Heading back to Haines Junction, and following the glacier as a highway.

The plane landed at the Haines Junction airfield like a feather dropping to the ground.  Behind the pilot, one passenger was suffering from the effects of motion sickness (it was messy).   Even so, he was grinning along with the rest of us.  Definitely not too much awesomeness.  How could we go to Kluane National Park and not take a dip in the lake?

After our flight, we camped at Kathleen Lake Campground, a $10 bargain that mentally reduced the cost of the flightseeing tour.  The next morning, we took a dip in the lake, where average summer surface water temperature hovers around 52 degree F (11 C), just a few degrees less than what we are used to, but cold enough to render The Seal speechless.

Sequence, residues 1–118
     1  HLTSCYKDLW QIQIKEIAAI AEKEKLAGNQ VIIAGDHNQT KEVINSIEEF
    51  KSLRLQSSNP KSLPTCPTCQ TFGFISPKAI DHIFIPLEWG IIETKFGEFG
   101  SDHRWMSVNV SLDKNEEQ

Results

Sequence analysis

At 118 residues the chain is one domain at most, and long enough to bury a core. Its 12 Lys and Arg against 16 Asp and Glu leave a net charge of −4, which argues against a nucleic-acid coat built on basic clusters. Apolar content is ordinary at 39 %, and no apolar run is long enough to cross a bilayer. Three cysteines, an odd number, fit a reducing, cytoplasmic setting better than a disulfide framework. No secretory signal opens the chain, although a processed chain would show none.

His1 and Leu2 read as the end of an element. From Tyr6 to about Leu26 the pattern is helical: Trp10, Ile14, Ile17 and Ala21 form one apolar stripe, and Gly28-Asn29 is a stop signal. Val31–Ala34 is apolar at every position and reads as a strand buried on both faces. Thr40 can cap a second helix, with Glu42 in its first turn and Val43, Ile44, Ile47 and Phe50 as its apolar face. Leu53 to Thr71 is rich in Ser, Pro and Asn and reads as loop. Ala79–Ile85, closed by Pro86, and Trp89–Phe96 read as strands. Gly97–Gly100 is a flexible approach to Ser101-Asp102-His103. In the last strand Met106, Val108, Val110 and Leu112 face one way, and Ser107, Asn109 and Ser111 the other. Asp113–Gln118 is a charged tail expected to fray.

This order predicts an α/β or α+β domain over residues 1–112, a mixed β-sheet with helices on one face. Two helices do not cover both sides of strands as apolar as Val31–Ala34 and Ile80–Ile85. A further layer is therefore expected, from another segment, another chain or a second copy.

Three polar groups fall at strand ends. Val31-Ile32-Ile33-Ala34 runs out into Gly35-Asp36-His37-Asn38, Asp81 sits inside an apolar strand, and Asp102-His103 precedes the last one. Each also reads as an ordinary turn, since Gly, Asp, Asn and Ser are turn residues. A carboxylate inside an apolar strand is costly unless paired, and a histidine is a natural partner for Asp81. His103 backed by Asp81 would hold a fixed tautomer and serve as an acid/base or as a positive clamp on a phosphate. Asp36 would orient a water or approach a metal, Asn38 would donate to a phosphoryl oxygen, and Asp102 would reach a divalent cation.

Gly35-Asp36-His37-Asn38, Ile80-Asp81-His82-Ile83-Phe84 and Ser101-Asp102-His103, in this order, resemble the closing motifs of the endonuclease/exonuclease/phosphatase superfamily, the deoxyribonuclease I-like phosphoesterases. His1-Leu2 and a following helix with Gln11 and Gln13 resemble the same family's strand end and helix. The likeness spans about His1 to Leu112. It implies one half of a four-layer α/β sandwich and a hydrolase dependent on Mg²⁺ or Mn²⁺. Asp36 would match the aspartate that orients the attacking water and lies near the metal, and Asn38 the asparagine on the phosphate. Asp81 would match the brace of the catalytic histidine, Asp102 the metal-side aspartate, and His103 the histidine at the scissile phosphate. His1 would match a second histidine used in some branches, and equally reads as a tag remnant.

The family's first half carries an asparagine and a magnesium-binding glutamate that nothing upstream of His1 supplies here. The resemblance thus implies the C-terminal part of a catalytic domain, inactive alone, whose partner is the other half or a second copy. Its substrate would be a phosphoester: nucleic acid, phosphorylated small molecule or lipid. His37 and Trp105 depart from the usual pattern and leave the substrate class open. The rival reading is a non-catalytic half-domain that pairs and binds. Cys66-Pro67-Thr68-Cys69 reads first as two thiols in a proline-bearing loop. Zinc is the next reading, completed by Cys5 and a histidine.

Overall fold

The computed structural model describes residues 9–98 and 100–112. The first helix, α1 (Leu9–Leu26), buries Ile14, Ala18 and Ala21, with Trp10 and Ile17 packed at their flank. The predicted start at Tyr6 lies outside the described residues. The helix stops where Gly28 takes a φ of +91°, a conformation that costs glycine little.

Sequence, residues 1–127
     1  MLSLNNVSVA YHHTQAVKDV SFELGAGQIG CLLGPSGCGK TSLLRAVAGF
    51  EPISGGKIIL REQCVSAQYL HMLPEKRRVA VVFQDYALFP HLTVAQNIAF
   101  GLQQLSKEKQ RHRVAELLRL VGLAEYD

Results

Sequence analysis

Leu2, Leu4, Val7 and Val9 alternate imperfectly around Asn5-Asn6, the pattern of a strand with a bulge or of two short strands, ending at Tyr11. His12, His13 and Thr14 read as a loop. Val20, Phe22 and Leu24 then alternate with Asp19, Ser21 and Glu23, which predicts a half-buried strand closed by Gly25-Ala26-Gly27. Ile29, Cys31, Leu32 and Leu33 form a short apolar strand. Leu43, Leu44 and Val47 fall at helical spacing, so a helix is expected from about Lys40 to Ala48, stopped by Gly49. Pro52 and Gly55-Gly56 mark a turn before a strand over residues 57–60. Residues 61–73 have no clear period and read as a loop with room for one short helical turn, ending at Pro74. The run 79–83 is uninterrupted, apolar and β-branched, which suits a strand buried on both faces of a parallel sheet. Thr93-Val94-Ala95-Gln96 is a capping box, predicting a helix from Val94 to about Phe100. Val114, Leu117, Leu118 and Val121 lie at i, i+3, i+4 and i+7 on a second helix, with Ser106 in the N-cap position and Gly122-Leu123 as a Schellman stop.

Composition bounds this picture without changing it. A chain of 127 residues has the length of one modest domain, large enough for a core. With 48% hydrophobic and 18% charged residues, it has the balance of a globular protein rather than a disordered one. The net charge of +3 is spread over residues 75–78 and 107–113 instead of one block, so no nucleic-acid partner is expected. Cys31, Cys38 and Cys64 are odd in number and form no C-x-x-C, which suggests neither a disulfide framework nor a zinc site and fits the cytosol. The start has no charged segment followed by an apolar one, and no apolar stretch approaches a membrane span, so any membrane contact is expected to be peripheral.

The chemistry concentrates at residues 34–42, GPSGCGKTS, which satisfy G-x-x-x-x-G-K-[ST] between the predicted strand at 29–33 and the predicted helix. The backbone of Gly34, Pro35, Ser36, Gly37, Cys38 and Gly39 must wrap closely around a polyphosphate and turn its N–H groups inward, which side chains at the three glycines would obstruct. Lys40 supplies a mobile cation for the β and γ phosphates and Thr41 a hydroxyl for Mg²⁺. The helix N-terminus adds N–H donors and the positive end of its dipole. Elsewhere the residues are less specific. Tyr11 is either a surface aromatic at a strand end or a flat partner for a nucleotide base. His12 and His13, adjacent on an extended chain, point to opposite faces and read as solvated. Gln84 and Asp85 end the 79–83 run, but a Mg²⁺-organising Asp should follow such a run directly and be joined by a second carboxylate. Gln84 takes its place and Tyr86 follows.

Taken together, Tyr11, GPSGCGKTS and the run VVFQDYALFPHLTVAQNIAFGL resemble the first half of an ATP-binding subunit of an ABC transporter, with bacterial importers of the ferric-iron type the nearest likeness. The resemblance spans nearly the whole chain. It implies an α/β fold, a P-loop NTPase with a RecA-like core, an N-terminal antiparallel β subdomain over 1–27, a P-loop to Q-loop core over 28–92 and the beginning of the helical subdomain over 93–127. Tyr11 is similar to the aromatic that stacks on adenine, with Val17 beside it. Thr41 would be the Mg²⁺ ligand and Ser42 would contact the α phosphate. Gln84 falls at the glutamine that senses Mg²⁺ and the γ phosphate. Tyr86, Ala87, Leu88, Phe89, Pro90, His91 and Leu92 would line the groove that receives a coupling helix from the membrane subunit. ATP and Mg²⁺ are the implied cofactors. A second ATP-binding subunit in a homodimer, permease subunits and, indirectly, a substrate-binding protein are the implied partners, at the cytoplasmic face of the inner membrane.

Heading down the Haines Highway to pick up the ferry in Haines, Alaska, we passed by Dezadeash Lake. Although just a few miles south of Kathleen Lake, Dezadeash is a shallow bath tub known for its warmer temperatures (up to 65 degree F/18 C in summer) and many migratory birds, including Trumpeter swans.

Trumpeter swans on Dezadeash Lake.

Trumpeter swans on Dezadeash Lake.

Links and resources

Kluane Glacier Air Tours operates out of the Haines Junction Airport.

“The Strange History of Mount Kennedy,” by Sean Sullivan at The Clymb.

Our Climb Up Mount Kennedy,” by Robert Kennedy.  Reproductions of images and text from Robert Kennedy’s April 9, 1965 Life magazine account of his climb.

Below, news report Senator Robert Kennedy’s climb up Mount Kennedy.

About Dianne Fallon

Maniacal Traveler Dianne Fallon writes from a house in the woods in southern Maine. Her interests include travel, hiking and the outdoors, and history, and she is quickly becoming an Instagram-aholic, @themaniacialtraveler.
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One Response to Up in the air at Kluane National Park, Yukon Territory

  1. Beautiful photos, Dianne.